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203 17th Realty LLC, et al v. City of New York


April 3, 2012


The opinion of the court was delivered by: James Orenstein, Magistrate Judge:


On March 6, 2012, I ordered plaintiff Gotham Broad LLC ("Gotham"), along with several other plaintiffs in this action, to show cause why I should not recommend the dismissal of its claims for failure to prosecute. Docket Entry ("DE") 38. Gotham had been without counsel since the withdrawal of its prior attorney due to a potential conflict of interest on January 27, 2012, and had failed to appear at court-ordered status conferences on January 31, 2012, and March 1, 2012. Order dated January 27, 2012; DE 28; DE 36. On March 26, 2012, Gotham, through new counsel, filed a written response urging the court not to recommend the dismissal of its claims. DE 40. On March 28, 2012, the defendants filed a response arguing in favor of such a dismissal. DE 41. For the reasons set forth below, I decline to recommend the dismissal of Gotham's claims.

A district court has the inherent power to manage its own affairs so as to achieve the orderly and expeditious disposition of cases. Lewis v. Rawson, 564 F.3d 569, 575 (2d Cir. 2009) (quoting Link v. Wabash R.R. Co., 370 U.S. 626, 630-31 (1962)). Consistent with that inherent authority, the Federal Rules of Civil Procedure explicitly empower a district court, in the exercise of its sound discretion, to dismiss an action "[i]f the plaintiff fails to prosecute or to comply with . a court order[.]" Rule 41(b); see Lewis, 564 F.3d at 575 (noting that standard of review is abuse of discretion). Because dismissal on such grounds is unquestionably a "harsh remedy" that should be used only in "extreme situations," Lewis, 564 F.3d at 576 (citations omitted), a court considering such an action should examine five factors. Specifically, the court should consider whether (1) the plaintiff's failure to prosecute caused a delay of significant duration; (2) plaintiff was given notice that further delay would result in dismissal; (3) defendant was likely to be prejudiced by further delay; (4) the need to alleviate court calendar congestion was carefully balanced against plaintiff's right to an opportunity for a day in court; and (5) the trial court adequately assessed the efficacy of lesser sanctions.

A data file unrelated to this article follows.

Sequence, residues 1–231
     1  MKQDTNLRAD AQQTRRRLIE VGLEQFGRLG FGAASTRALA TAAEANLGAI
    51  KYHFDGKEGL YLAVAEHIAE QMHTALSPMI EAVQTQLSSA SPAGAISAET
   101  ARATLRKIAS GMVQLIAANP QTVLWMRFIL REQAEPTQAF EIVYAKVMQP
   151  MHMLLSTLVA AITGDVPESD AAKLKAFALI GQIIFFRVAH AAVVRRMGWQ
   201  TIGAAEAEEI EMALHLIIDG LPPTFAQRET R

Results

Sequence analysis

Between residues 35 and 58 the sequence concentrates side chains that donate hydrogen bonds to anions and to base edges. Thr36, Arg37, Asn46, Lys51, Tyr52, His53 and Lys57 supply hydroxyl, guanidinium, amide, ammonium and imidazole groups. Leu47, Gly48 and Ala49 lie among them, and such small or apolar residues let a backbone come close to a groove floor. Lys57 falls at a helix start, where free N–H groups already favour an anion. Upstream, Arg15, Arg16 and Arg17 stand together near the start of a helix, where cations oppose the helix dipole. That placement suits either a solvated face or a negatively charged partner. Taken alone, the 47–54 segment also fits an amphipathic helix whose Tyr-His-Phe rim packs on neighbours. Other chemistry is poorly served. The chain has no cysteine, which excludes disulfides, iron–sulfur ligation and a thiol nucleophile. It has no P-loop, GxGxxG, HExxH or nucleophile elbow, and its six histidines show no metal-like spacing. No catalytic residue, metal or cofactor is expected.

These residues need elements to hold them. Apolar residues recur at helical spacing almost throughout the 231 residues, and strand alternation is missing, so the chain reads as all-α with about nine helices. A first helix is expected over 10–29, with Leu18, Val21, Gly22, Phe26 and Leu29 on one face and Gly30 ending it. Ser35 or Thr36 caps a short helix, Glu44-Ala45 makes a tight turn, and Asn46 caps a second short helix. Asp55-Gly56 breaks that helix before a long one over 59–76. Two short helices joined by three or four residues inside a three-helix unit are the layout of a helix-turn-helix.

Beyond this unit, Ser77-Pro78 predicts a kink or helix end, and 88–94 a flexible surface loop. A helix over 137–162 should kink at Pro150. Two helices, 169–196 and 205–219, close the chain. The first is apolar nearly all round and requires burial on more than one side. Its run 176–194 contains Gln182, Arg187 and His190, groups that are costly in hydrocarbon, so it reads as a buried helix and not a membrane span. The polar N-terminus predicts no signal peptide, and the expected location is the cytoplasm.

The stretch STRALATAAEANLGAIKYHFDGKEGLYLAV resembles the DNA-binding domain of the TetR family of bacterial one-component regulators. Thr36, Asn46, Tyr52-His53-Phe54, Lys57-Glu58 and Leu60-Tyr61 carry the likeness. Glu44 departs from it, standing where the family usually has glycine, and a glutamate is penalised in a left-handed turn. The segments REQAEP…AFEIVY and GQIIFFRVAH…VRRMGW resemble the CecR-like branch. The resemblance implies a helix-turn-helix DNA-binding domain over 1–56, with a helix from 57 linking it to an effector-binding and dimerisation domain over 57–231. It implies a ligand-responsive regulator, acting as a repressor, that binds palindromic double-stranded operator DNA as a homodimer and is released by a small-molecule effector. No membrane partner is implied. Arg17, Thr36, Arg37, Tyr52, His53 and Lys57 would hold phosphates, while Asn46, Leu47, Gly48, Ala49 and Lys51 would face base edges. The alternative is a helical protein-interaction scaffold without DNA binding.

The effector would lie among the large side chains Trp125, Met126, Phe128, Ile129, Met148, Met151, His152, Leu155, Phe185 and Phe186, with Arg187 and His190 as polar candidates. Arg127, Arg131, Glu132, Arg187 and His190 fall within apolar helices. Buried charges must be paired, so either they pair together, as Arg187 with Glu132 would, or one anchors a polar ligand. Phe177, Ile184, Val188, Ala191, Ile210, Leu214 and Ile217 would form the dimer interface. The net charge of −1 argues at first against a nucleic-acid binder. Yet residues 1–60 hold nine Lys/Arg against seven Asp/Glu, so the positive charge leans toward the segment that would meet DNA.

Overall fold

Id. (quoting United States ex rel. Drake v. Norden Sys., Inc., 375 F.3d 248, 254 (2d Cir. 2004)). No one factor is dispositive. Id. In weighing the five factors, the court must consider the record of the entire case as a whole. Id. A court may find the standard for dismissal satisfied where it finds a "pattern of dilatory conduct" or "an action lying dormant with no significant activity to move it." Lyell Theatre Corp. v. Loews Corp., 682 F.2d 37, 42 (2d Cir. 1982).

Considering the record of this case as a whole, I find the extreme remedy of dismissal of Gotham's claims under Rule 41(b) to be unwarranted. Now that Gotham has responded to the order to show cause and retained new counsel, there is no reason to believe that it will continue to delay these proceedings. Moreover, lesser measures than dismissal unquestionably suffice to protect the defendants against any conceivable harm. Indeed, given that the parties are only one month into a five month discovery schedule, see DE 37, the delay in Gotham's participation may cause no prejudice at all. I therefore decline to recommend the dismissal of Gotham's claims for failure to prosecute and instead order the appearing parties, including Gotham, to confer in an effort to ensure that all discovery is completed in a timely fashion.

JAMES ORENSTEIN U.S. Magistrate Judge

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